West Canada Lake Wilderness

All of the Adirondack Park’s wilderness areas are unique in their way, each of them offering something that can’t be found in any of its siblings. But the West Canada Lake Wilderness is a rare blending of mountain and water, with no true equal anywhere in eastern North America, if not beyond: a galaxy of little lakes, all held up on a high-elevation plateau and surrounded by a lush temperate forest.

At 172,000 acres, this is the second largest protected wilderness in not just the Adirondacks, but in all the northeastern United States. It is second in size only to the High Peaks Wilderness, and these two giant regions are not without their similarities – particularly the deep layers of damp organic soils that tend to erode quickly with the passage of many hiking boots. Thankfully, though, the West Canada Lake Wilderness has managed to escape the unchecked visitation growth curve that has been plaguing the High Peaks since the 1960s, and thus wilderness adventures are still possible here in a relatively unregulated setting.

What is the primary environment of the West Canada Lake Wilderness? With a region so vast, there are several. The eponymous lakes are of course the most iconic, but the designated boundaries also include a broad range of settings: rugged mountains, wide valleys, and impenetrable fens. The snows are deep, and the rain is frequent. This is a true headwater area, with significant streams radiating off the plateau in multiple directions. Forests of balsam fir and red spruce sprout prodigious sapling nurseries that often fill the understory; these trees grow fast and sometimes die in waves, creating cycles of forest growth that can be observed in a human lifetime.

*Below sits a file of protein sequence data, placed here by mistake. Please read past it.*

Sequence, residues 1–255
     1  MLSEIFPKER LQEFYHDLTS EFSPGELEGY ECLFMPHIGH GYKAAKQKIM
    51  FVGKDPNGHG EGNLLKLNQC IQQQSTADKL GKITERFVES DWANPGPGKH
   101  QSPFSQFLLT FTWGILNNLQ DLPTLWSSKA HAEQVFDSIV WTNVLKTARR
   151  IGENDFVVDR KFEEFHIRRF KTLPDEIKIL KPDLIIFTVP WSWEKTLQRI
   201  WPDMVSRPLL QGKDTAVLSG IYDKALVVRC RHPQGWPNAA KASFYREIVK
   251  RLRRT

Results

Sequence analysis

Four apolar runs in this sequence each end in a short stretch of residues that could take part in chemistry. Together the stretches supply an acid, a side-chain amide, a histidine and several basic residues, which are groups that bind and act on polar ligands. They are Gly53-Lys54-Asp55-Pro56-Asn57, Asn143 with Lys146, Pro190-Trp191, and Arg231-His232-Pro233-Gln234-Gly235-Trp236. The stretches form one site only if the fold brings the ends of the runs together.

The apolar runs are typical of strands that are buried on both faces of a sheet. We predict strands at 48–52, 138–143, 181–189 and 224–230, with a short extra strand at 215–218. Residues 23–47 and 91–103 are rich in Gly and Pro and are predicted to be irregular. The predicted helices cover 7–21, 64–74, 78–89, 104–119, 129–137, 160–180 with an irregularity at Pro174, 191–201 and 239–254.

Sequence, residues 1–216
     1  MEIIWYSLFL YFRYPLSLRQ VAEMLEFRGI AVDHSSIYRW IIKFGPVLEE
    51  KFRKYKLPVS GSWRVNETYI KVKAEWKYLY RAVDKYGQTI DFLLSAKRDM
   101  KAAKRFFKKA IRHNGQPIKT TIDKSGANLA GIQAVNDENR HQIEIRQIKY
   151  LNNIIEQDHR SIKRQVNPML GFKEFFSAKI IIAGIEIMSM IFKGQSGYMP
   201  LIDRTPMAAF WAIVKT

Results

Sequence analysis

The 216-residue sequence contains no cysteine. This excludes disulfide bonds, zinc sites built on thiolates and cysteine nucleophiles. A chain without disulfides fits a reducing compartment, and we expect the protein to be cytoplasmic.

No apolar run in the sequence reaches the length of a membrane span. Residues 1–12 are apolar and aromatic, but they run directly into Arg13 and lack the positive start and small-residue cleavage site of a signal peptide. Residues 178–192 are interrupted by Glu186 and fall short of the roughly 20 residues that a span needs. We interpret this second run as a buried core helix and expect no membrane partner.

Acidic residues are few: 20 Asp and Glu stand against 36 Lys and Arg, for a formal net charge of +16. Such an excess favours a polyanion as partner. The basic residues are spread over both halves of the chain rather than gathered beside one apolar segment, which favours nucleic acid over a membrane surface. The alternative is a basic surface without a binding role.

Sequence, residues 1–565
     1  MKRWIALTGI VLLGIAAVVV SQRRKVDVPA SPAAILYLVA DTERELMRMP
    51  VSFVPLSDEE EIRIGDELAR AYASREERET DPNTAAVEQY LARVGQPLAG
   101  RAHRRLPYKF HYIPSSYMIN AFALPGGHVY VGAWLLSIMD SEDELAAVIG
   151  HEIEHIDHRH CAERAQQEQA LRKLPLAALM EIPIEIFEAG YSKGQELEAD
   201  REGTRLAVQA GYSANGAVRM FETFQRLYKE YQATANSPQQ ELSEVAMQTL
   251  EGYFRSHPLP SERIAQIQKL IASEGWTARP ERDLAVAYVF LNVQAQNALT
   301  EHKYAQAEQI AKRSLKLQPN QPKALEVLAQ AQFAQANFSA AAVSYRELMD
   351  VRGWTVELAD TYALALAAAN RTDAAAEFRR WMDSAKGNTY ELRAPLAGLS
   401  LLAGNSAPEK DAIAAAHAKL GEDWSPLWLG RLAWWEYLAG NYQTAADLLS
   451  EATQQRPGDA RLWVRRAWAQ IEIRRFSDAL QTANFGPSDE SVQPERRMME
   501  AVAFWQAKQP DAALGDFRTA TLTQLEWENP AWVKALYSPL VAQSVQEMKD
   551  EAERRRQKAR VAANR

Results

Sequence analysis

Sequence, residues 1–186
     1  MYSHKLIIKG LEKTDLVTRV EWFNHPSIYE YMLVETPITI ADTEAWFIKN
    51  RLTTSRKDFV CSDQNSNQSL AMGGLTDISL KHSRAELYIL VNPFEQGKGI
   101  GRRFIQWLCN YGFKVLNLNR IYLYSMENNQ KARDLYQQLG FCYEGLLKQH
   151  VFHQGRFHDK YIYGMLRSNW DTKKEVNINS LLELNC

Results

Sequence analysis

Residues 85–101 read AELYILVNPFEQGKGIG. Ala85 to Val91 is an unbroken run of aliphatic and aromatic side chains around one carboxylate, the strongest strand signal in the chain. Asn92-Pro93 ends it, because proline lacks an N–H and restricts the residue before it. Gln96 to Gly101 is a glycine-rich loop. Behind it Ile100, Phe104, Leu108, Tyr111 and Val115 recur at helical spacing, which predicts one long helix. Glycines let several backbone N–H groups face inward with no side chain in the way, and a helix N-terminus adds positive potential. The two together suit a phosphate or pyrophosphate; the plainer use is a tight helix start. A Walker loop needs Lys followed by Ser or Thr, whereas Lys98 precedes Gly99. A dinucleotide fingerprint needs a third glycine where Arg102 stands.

Much of the area’s recreational pressure is funneled through a small number of trails, and overnight visitors must contend with a starkly finite number of campsites. While the area hasn’t suffered yet from excessive visitor numbers, there are vulnerabilities that should be plain for any wilderness manager to see. No management plan has ever been written for this place, and that could itself become a problem if visitor numbers rise and no mitigation measures exist. And indeed we absolutely can anticipate a rise in visitor numbers soon as new long-distance trails like the North Country National Scenic Trail are extended across the wilderness.

Thus what we have in the West Canada Lake Wilderness is an outstanding natural resource, one that has been cobbled together over numerous land purchases into one of the most distinctive preserves anywhere. It is ours to enjoy, but also ours to protect – and the time might be coming to an end when we can passively sit by and let recreational management issues sort themselves out.

Please click through the tabs below to learn more about the West Canada Lake Wilderness.

West Canada Lake Wilderness at a Glance

Size: 172,025 acres

First Designated: 1972

Unit Management Plan Status: No management plan has been completed for this area

Special Regulations: None; standard Forest Preserve regulations are in effect


Of course, the features most associated with the West Canada Lake Wilderness are the lakes themselves. Specifically, the West Canadas are the trio of relatively large backcountry lakes clustered at the geographical center of the area’s northern half: West Lake, South Lake, and Mud Lake. Together they create the headwaters of the West Canada Creek, one of the major tributaries of the Mohawk River.